It is because of these remarkable people, who gave up their time to help me when I started in the industry, that I was able to become the person I am today. Edward Gibson, Howard Schmidt, Richard Starnes helped me so much. We are evolving as an industry because each of us are giving up our own time and resources to make our sector what it is and what it will become.

What’s the best conference talk/keynote/seminar you’ve ever attended?

Recently I attended a talk by one of my team, John Fokker. John has a very interesting background and detailed his former life in the Special Forces. In particular, he gave examples of his previous role where he combated modern-day pirates with some really remarkable video footage and how protecting an enterprise is akin to that of protecting a ship.

It was riveting, but also really very clever. For example, he discussed some meaty topics such as ‘hacking back’ but used examples of how some shipping companies are hiring outside security to protect their assets as just one example.

What infosec technology could you not live without?

Twitter! It sounds odd because strictly speaking it’s not an infosec technology. However, my timeline gives me an incredibly proactive view into the latest research, a pulse on what is hot in our industry and some light entertainment (see Adrian, Thom and Javvad’s discussion on Die Hard as a Christmas movie).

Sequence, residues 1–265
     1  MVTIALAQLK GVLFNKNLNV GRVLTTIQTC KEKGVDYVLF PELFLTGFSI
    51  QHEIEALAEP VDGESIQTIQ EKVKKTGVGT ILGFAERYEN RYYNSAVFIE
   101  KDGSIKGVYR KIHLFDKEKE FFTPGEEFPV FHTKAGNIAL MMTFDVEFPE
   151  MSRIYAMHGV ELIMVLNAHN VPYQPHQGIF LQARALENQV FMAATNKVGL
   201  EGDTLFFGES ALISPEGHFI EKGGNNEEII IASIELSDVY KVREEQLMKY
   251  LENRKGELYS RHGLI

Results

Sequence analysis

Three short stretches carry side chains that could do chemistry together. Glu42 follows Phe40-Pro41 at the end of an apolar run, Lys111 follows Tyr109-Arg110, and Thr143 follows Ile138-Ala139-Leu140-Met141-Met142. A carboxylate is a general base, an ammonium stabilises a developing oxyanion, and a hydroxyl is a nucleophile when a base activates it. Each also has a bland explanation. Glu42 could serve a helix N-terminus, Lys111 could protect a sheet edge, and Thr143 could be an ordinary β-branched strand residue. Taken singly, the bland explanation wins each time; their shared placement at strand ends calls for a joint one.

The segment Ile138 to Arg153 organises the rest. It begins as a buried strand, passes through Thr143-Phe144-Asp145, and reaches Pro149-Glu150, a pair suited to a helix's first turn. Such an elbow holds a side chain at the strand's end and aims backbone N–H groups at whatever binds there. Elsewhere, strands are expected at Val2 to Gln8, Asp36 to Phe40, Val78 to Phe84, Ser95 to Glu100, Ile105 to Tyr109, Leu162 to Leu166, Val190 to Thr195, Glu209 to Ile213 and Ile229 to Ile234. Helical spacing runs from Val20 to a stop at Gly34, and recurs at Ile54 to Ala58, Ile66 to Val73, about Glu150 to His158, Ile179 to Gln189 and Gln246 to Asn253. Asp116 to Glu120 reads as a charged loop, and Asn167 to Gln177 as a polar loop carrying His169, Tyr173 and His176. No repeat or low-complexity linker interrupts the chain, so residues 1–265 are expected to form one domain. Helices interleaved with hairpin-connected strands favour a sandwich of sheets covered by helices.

What’s your dream infosec job?
I love what I do. I am not just saying this, but I have been in my job and with McAfee for eight years now which is longer than anywhere else I have been in my career. With good reason, since I have the opportunity to work with people that have this shared passion for security. Not only that, but running the threat research team affords me the luxury to keep my technical skills engaged whilst at the same time giving me the biggest platform to present this to the widest possible audiences.

If you could have founded any information security vendor, which would you choose?

Safeguard Cyber. I really love what Otavio and Jim have created, so much so that I have collaborated on multiple research projects ranging from social media influence into our elections and the Cambridge Analytica issues. I genuinely believe that social media is one of the most remarkable tools we have, yet it’s nefarious use has proven time and time again how susceptible we are to outside influence.

What is the biggest unresolved information security challenge?

The industry remains on the periphery of many businesses. A close friend of mine was a CISO and was let go when a major breach occurred, despite him articulating the risk and requesting budget to address many of the issues. Is this department scapegoated? I read that the average tenure for a CISO is 17 months! This is ridiculous in my opinion; we are the key business partner and yet often the CISO is the first in the firing line regardless of how a breach occurred or who ultimately accepted the risk.

A change needs to happen and fast, because when all is said and done it is YOUR data, it is YOUR hospital appointment that is postponed, and in the future will be YOUR car, or perhaps even YOUR flight.

What’s your guilty pleasure?

Tottenham Hotspur. Although the term pleasure is not always the case.

What’s your favorite Christmas movie?

Oh that’s easy, Polar Express. In fact, every Christmas Eve, we have a little tradition, we sit down with the kids, put the movie on and eat very spicy food. The eating marathon starts early at our house!